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Asthma pharmacogenetics and the development of genetic profiles for personalized medicine.

Ortega VE, Meyers DA, Bleecker ER - Pharmgenomics Pers Med (2015)

Bottom Line: Genetic profiles will consist of gene variants that predict individual disease susceptibility and risk for progression, predict which pharmacologic therapies will result in a maximal therapeutic benefit, and predict whether a therapy will result in an adverse response and should be avoided in a given individual.Pharmacogenetic studies of the glucocorticoid, leukotriene, and β2-adrenergic receptor pathways have focused on candidate genes within these pathways and, in addition to a small number of genome-wide association studies, have identified genetic loci associated with therapeutic responsiveness.The benefit of a personalized, tailored approach to health care delivery is needed in the development of expensive biologic drugs directed at a specific biologic pathway.

View Article: PubMed Central - PubMed

Affiliation: Center for Genomics and Personalized Medicine Research, Pulmonary Medicine, Wake Forest School of Medicine, Winston-Salem, NC, USA.

ABSTRACT
Human genetics research will be critical to the development of genetic profiles for personalized or precision medicine in asthma. Genetic profiles will consist of gene variants that predict individual disease susceptibility and risk for progression, predict which pharmacologic therapies will result in a maximal therapeutic benefit, and predict whether a therapy will result in an adverse response and should be avoided in a given individual. Pharmacogenetic studies of the glucocorticoid, leukotriene, and β2-adrenergic receptor pathways have focused on candidate genes within these pathways and, in addition to a small number of genome-wide association studies, have identified genetic loci associated with therapeutic responsiveness. This review summarizes these pharmacogenetic discoveries and the future of genetic profiles for personalized medicine in asthma. The benefit of a personalized, tailored approach to health care delivery is needed in the development of expensive biologic drugs directed at a specific biologic pathway. Prior pharmacogenetic discoveries, in combination with additional variants identified in future studies, will form the basis for future genetic profiles for personalized tailored approaches to maximize therapeutic benefit for an individual asthmatic while minimizing the risk for adverse events.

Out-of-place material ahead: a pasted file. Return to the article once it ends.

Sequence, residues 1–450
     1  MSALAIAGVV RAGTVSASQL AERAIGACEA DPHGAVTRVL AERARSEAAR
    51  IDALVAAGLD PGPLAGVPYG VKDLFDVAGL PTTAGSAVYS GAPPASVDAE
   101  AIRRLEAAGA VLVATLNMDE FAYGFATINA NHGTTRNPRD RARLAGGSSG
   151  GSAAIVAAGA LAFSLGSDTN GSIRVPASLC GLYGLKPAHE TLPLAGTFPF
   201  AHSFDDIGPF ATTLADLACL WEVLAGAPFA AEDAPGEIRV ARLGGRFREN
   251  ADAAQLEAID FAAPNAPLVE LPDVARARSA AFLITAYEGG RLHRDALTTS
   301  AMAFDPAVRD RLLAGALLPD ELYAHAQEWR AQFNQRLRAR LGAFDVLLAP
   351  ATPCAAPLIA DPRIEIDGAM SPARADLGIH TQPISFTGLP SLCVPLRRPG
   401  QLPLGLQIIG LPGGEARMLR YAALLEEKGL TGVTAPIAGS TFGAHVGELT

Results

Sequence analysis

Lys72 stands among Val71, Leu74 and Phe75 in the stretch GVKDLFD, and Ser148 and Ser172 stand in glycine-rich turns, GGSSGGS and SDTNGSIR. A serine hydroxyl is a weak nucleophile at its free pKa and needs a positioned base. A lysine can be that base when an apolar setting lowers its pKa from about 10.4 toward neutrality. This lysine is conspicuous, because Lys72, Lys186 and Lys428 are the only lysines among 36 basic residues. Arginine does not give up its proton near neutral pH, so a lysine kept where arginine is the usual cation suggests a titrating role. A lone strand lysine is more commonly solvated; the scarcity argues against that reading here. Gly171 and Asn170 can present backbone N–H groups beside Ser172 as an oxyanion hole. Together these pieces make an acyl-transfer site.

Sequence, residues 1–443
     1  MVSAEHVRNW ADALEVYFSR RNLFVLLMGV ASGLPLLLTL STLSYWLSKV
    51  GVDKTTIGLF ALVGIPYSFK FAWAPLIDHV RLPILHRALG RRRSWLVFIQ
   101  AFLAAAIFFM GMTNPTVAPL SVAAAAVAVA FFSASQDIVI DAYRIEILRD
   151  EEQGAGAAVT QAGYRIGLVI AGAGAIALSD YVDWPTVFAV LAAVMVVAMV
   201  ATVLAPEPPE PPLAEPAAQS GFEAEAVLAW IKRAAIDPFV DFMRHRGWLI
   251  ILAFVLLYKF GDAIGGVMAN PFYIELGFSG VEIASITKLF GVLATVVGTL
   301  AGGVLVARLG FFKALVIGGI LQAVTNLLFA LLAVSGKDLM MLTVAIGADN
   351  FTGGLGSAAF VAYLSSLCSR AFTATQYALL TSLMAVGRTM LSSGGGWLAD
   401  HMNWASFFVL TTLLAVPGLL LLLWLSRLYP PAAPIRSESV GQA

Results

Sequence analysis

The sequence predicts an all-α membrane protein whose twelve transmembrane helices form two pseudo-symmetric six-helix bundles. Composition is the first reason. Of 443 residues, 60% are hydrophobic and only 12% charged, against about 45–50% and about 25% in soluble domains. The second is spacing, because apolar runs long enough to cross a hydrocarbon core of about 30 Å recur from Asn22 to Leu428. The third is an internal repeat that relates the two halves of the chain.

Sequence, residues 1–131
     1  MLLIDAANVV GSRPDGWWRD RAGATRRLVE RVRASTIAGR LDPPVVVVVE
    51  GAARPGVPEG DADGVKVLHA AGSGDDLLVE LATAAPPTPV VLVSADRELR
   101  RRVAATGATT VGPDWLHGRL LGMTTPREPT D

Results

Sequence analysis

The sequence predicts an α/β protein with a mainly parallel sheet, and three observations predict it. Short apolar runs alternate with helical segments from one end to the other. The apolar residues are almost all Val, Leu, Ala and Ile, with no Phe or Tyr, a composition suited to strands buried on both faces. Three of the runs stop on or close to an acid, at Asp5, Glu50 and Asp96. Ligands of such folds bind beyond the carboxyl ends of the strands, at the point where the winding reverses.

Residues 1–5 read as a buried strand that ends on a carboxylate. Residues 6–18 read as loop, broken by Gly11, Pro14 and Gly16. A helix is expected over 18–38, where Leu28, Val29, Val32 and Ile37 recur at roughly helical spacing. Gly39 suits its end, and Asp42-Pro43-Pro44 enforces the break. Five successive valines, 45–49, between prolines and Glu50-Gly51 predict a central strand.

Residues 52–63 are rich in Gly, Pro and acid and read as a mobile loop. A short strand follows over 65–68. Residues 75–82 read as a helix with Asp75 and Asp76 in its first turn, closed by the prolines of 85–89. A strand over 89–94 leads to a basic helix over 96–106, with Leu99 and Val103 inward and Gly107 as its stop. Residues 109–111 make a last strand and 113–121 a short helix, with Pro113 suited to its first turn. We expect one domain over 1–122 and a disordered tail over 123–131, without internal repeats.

No MeSH data available.


Related in: MedlinePlus

ACRN Beta Agonist Response by Genotype (BARGE) trial.Notes: In the BARGE trial, Arg16 homozygotes experienced no change in PEFR during albuterol treatment while Gly16 homozygotes experienced an improvement in PEFR during regular albuterol therapy. In addition, Arg16 homozygotes experienced an improvement in PEFR during placebo treatment. Reprinted from The Lancet. 2004;364(9444). Israel E, Chinchilli VM, Ford JG, et al. Use of regularly scheduled albuterol treatment in asthma: genotype-stratified, randomised, placebo-controlled cross-over trial. 1505–1512. Copyright © 2004, with permission from Elsevier.9Abbreviations: ACRN, Asthma Clinical Research Network; PEFR, peak expiratory flow rate.